What treatment approaches may increase chances for a higher cure rate in patients with R/R HL?

FAQ published on July 7, 2016
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Robert W. Chen, MD
Assistant Professor of Medicine
Department of Hematology
& Hematopoietic Cell Transplantation
City of Hope
Duarte, California
What treatment approaches may increase chances for a higher cure rate in patients with R/R HL?

Managing HL recently talked with Dr. Robert Chen, an assistant professor at the City of Hope National Medical Center in Duarte, California, and co-leader of a leading lymphoma disease team. MHL asked Dr. Chen which treatment approaches may increase the potential for a higher cure rate in patients with relapsed or refractory Hodgkin lymphoma.

Dr. Chen: There are three strategies that oncologists may consider in their patients with relapsed or refractory Hodgkin lymphoma to increase progression-free survival after transplant.

The first strategy is to increase the CR rate at the time of ASCT. This can be done by modifying the salvage therapy prior to ASCT. One drug we talk about frequently is brentuximab vedotin, which is an antibody-drug conjugate targeted against CD30. Brentuximab vedotin can be given sequentially, as a single agent first, with the addition of other treatments in a multi-agent chemotherapeutic strategy, if CR is not achieved. Alternatively, you can also combine brentuximab vedotin with other novel agents.

The second strategy involves offering the patient consolidation therapy post-transplant, in an attempt to improve progression-free survival. This was studied in a randomized phase 3 setting in which patients received brentuximab vedotin after transplant to investigate whether PFS would increase post-transplant. This study (AETHERA Trial) has been published in Lancet in May 2015 (Moskowitz CH, et al. Lancet. 2015;385(9980):1853-1862.), and clearly demonstrated that brentuximab vedotin increases progression-free survival compared to placebo.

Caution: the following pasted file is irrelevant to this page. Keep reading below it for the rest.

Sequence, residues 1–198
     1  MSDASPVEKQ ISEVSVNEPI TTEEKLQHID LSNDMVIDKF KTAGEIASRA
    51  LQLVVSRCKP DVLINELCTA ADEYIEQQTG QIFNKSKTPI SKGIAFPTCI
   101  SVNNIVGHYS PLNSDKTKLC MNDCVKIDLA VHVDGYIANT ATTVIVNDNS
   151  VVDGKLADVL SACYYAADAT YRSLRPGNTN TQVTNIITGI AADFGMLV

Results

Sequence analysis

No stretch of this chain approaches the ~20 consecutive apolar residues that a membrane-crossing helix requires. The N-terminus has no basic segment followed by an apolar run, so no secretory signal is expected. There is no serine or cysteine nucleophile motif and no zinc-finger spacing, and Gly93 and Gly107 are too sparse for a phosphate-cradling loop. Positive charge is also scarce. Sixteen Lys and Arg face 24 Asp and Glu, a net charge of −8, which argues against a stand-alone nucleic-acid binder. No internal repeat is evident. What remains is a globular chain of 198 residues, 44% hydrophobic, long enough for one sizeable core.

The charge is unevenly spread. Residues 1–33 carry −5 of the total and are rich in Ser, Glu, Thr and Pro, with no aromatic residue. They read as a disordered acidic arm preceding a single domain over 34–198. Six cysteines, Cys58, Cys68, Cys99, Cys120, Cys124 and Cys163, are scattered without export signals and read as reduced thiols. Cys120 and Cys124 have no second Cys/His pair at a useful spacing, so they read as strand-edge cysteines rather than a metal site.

The third strategy focuses on conditioning regimens during ASCT.There are several trials currently evaluating whether changing the typical conditioning regimen associated with transplant will result in improvement. At City of Hope we are conducting a trial using radiolabeled anti-CD25 antibody plus BEAM as a novel conditioning regimen. We look forward to seeing the results of these studies.

Thank you.

For further information, please refer to the related resources and activities on the ManagingHL.com website, as identified below.

Last modified: July 6, 2016
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